Today, Sunday, Japan launches the first spacecraft to the moon from Cape Canaveral, Florida, USA.
Japanese private startup iSpace is scheduled to launch Hakuto-R from Cape Canaveral at 0738 GMT, after being delayed twice due to inspections of the SpaceX9 rocket carrying the vehicle.
The iSpace craft aims to put a small NASA satellite into orbit around the moon to search for water deposits before it descends into the Atlas crater. The M1 lander will deploy the UAE’s four-wheeled Rashid Explorer, two robotic probes and a two-wheeled device the size of a baseball from Japan’s space agency.
The national space agencies of the United States, Russia and China have landed on the moon in the past 50 years, but no company has done so.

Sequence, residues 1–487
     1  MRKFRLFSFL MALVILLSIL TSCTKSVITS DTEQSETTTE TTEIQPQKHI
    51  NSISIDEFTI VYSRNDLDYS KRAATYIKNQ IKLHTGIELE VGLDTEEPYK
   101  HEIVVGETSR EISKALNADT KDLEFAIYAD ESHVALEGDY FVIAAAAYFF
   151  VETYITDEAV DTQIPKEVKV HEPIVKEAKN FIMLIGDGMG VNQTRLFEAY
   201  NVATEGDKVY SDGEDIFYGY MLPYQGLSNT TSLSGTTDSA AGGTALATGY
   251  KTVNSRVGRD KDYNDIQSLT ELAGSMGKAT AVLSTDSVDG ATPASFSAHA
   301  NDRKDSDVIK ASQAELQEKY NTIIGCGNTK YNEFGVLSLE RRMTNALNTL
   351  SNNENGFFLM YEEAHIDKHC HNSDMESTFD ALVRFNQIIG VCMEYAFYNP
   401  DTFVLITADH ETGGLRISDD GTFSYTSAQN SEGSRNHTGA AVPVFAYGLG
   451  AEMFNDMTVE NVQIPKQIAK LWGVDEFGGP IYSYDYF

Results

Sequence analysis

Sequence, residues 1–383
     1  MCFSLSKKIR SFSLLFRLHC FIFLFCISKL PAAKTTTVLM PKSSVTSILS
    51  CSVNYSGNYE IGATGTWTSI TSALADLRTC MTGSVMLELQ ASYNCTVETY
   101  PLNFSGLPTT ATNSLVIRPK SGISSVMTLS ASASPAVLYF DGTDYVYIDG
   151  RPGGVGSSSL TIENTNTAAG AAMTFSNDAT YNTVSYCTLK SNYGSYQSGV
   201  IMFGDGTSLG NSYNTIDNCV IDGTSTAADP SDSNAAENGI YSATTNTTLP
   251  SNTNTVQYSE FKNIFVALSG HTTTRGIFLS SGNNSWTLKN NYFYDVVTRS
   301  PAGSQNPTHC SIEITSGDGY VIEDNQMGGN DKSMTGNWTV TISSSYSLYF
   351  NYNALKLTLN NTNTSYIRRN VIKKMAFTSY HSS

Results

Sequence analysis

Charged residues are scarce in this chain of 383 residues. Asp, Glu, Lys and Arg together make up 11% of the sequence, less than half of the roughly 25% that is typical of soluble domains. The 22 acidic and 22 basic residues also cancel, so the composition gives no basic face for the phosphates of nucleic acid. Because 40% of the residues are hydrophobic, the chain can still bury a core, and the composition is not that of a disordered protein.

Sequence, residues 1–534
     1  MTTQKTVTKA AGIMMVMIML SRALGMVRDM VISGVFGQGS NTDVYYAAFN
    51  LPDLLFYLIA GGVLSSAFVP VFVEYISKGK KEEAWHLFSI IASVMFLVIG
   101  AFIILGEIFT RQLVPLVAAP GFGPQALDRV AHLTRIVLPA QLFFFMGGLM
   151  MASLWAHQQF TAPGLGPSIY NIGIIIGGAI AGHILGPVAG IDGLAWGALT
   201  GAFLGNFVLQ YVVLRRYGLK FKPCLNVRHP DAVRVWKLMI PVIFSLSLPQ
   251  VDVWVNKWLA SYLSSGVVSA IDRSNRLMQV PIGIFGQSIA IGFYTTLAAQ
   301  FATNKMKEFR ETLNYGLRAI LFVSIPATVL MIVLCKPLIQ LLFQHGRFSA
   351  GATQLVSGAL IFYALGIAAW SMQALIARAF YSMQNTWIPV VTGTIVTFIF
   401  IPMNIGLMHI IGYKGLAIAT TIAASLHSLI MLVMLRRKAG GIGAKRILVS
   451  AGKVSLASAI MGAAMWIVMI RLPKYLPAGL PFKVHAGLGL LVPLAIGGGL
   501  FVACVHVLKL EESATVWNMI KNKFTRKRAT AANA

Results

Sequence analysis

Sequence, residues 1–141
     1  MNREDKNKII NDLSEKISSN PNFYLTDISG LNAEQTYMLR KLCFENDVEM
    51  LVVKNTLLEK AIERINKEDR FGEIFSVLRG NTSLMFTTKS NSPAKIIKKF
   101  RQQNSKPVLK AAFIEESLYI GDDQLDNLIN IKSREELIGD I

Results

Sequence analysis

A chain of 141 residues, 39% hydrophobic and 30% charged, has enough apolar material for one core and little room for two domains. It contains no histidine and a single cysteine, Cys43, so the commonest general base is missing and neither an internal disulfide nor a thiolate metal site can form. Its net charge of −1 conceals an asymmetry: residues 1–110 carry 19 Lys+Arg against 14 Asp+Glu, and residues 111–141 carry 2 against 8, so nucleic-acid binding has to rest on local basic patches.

The success of the mission would also be a milestone in space cooperation between Japan and the United States at a time when China has become increasingly competitive in space and the use of Russian rockets to launch spacecraft has become unavailable in the wake of Russia’s invasion of Ukraine.
On Friday, billionaire Yusaku Maezawa revealed the eight crew members he hopes to make the trip to the moon as soon as next year.
The name Hakuto refers to the white rabbit who lives on the moon in Japanese folklore.
Next year is the year of the rabbit in the Asian calendar. The vehicle, which was assembled in Germany, is expected to land on the moon in late April.